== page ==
Thomas Malthus theorized that the human species would eventually outgrow our planet.

Time Life Pictures/Mansell/Time Life Pictures/­Getty Images

­­In 1798, an English clergyman named Thomas Malthus made a dire prediction: He said the Earth could not indefinitely support an ever-increasing human population. The planet, he said, would check population growth through famine if humans didn't check themselves.

The theory publicized by Malthus is known as the carrying capacity of Earth. Carrying capacity itself is a well-known and widely accepted concept in ecology. It's a very basic idea -- sustainability requires balance. There is a certain population number above which a species starts to damage its habitat, and life as it stands at that moment cannot go on. Typically, it's starvation that kicks in to cull the herds down to a manageable number.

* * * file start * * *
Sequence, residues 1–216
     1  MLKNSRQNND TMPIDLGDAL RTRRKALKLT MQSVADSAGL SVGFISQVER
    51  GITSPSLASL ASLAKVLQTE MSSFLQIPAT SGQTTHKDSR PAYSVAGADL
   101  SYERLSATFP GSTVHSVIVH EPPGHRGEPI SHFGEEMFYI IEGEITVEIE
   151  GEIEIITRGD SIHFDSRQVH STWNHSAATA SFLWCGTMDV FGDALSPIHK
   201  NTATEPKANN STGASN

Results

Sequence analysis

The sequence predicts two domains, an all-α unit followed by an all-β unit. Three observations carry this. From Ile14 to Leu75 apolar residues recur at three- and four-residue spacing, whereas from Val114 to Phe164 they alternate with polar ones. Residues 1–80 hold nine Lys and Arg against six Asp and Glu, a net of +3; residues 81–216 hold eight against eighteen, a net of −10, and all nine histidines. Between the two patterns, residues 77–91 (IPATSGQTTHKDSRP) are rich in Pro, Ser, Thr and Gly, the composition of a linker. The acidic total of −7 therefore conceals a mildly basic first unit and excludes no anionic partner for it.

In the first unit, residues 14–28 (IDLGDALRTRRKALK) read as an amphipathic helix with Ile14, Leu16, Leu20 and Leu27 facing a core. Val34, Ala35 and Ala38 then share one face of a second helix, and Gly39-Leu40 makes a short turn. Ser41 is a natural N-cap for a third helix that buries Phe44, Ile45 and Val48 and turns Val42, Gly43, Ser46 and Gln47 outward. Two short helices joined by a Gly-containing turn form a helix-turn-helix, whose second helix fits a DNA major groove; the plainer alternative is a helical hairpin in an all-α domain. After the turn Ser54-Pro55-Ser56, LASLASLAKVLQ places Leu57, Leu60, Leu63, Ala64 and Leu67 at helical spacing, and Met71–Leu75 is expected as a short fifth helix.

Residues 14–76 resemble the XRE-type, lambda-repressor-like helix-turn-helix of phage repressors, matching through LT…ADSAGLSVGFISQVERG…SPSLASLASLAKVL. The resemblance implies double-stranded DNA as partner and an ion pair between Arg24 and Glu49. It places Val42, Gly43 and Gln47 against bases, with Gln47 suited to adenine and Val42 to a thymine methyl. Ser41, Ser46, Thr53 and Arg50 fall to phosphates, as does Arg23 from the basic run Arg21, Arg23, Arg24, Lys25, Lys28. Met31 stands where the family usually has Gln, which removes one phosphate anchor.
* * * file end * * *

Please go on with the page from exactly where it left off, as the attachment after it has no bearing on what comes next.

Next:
The idea of Earth's carrying capacity goes something like this: Humans need certain resources to survive at subsistence level -- most commonly air, food, water and usually some kind of shelter. A sustainable habitat is one in which supply of and demand for these resources are balanced. The problem, Malthus suggested, is the difference in growth patterns between the human population and food production. He said that while the human population tends to grow exponentially (by a greater amount each year -- a percentage of the total), the food supply will only grow linearly (by a fixed amount each year -- a number, not a percentage). In this model, humans are bound to outgrow the Earth's resources [source: Sachs].

­For two centuries, scientists have pretty much dismissed Malthus' hypothesis, saying he neglected to account for one very important variable that applies exclusively to humans: technological advancement [source: Sachs]. They have argued that this human ability allows food production to grow exponentially, as well. But scholars have recently begun to rethink their dismissal of Malthus' prediction, for several reasons.

It seems Earth may have a carrying capacity after all.

So are we doomed? How many human beings can the Earth support before resources run low and nature takes over, culling the human herds in order to reestablis­h a sustainable balance? Or do humans' unique abilities to develop new food and energy-production methods negate the danger?

Well, it all depends.